Integrating Strong Emotions as a Developing Nurse

Most people, I would venture to say, start off in their profession with a fair degree of idealism, and this certainly holds true for nurses. When I talk with nursing students or new grad nurses and ask their story about why they chose nursing, the most common response runs along the lines of wanting to help others in meaningful ways.

Preparing new nurse grads for nursing realities.

In fact, I will meet with such a group of students this afternoon as I speak on a panel in the ethics class at my nursing alma mater. I, and other colleagues on this panel, want to encourage and inspire. But we will also be telling the students about the challenges we have encountered in situations involving moral distress, ethical dilemmas, and personal burnout. We will present situations when we felt that what we were doing at the bedside was not meaningful because we were only prolonging suffering—or, in other cases, so full of emotion and significance that it felt overwhelming to process.

We want to present the reality of nursing to these students, not to shatter their idealism, but to push them towards meaningful self-awareness from the start of their nursing career so that they are not caught off-guard by the degree to which they will be challenged on a very personal level by what nursing entails.

Even still, my colleagues and I realize that we can only impart so much to nursing students, as so much of the journey simply must be lived. I think about the new grad nurses I have precepted and how they enter a patient room in an end-of-life situation with a trepidation that may never fully dissipate, no matter how many times as nurses they find themselves in that situation.

Developing self-awareness about work-related emotions.

Perhaps what will help them most over time is an ability to be self-aware of strong work-related emotions, even grief, and a freedom as a growing nurse to work through these feelings with colleagues and loved ones. Such self-awareness will allow a nurse to accept and eventually integrate powerful emotions into his or her practice as a means to greater maturity.

In a TEDx Talk I gave in late September, I spoke openly of my experience of shaken idealism and the reality of work-related grief and trauma in nurses. I challenged myself, and other nurses, to stop thinking of strong feelings around patient suffering and death as something to be avoided in the interest of self-protection, but rather accepted and integrated as a teacher of resilience for nurses. My hope is that the talk will contribute to the broader ongoing conversation about the suffering we as nurses sometimes bear for others as we seek to help in the midst of challenging circumstances.


(For additional resources about the related issues of moral distress and burnout in nursing, see AJN’s Transforming Moral Distress into Moral Resilience in Nursing report and the ANA Professional Issues Panel on Moral Resilience report, Exploring Moral Resilience Toward a Culture of Ethical Practice. Also the recent blog post “Nurses Take Action on Moral Distress.“)


2018-01-18T10:04:09+00:00 December 8th, 2017|Nursing|2 Comments
Hui-Wen (Alina) Sato, MSN, MPH, RN, CCRN, is a pediatric intensive care nurse in Southern California and blogs at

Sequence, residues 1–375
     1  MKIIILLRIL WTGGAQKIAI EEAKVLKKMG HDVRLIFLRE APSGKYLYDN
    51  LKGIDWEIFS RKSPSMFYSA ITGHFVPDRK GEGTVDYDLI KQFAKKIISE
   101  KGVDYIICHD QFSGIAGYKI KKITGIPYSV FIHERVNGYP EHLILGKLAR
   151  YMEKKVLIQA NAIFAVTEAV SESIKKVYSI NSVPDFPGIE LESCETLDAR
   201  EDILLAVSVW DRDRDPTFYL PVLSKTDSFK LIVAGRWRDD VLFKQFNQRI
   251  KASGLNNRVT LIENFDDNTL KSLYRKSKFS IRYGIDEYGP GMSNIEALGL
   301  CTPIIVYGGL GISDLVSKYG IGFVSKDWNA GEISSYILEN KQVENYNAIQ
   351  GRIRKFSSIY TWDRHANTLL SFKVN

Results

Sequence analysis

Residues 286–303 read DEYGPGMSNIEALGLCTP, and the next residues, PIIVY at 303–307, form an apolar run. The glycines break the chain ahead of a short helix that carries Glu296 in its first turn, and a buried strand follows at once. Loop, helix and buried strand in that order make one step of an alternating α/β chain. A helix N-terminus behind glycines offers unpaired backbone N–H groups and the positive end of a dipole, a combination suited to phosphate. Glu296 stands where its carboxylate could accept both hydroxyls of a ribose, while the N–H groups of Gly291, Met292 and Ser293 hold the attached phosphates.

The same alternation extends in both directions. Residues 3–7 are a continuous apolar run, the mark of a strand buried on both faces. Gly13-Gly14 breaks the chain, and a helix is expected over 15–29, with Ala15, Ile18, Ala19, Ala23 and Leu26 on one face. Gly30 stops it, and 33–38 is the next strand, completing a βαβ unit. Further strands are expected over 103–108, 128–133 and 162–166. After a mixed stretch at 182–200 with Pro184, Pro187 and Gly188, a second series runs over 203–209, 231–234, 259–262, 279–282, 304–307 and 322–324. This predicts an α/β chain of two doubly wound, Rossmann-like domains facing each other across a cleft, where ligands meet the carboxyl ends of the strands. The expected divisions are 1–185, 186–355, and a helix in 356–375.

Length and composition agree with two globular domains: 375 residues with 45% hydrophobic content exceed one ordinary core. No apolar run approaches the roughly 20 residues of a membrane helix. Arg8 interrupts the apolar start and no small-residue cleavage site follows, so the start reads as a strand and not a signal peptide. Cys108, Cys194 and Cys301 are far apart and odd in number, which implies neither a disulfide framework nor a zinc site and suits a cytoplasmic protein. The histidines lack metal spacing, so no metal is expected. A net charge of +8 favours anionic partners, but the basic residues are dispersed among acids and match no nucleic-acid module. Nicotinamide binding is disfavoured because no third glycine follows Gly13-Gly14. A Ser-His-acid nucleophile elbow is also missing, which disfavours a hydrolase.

1. Alina Hui-wen Sato December 8, 2017 at 4:46 pm

    Wendie, I love what you shared here. I have a similar conversation as the one you described on a pretty regular basis as well, and I always find some curious comfort in hearing other even more experienced nurses than me in my unit tell me that they still feel nervous, and/or that they still wrestle with grief over our patients even after 15-20+ years. It gives me hope that we are not all destined to become hardened in heart out of self-preservation, and we can all continue to hold a certain degree of reverence, if that is the right word to use, for the work that we do.

  2. Wendie Howland MN RN-BC CRRN CCM CNLCP LNCC December 8, 2017 at 12:30 pm

    Many years ago I had been working in a world-class CVICU for a few years and was doing well, as far as I could tell. One morning I was in the report room with Sarah, a very experienced ICU nurse who could do just about everything, and for whom I –everyone, really– had tremendous respect. “When do I stop feeling nervous” I asked her.
    “You know, I still feel a little nervous just before report,” she said, “Every day. A little bit of nervous isn’t bad; it makes you alert. I don’t worry, because I feel prepared and I know I have backup and help if I need it. But if I ever stop feeling that little edge of nervousness, it might mean that I could be getting careless, and I would have to work somewhere else.”
    I have thought of that often when in challenging situations, and told students that when I sense they despair of every being “like a real nurse” (which is pretty much every time I work with them).
    Nervousness gets your endogenous catecholamines flowing, which kicks some glucose out of liver storage to make your muscles and brain work better, causes your eyes to increase their acuity, decreases your reaction time, increases your blood pressure to support increased activity, all things you are unaware of but that make you prepared to face a challenge. You’re more ready than you know, I tell them, you care, and you are never alone.

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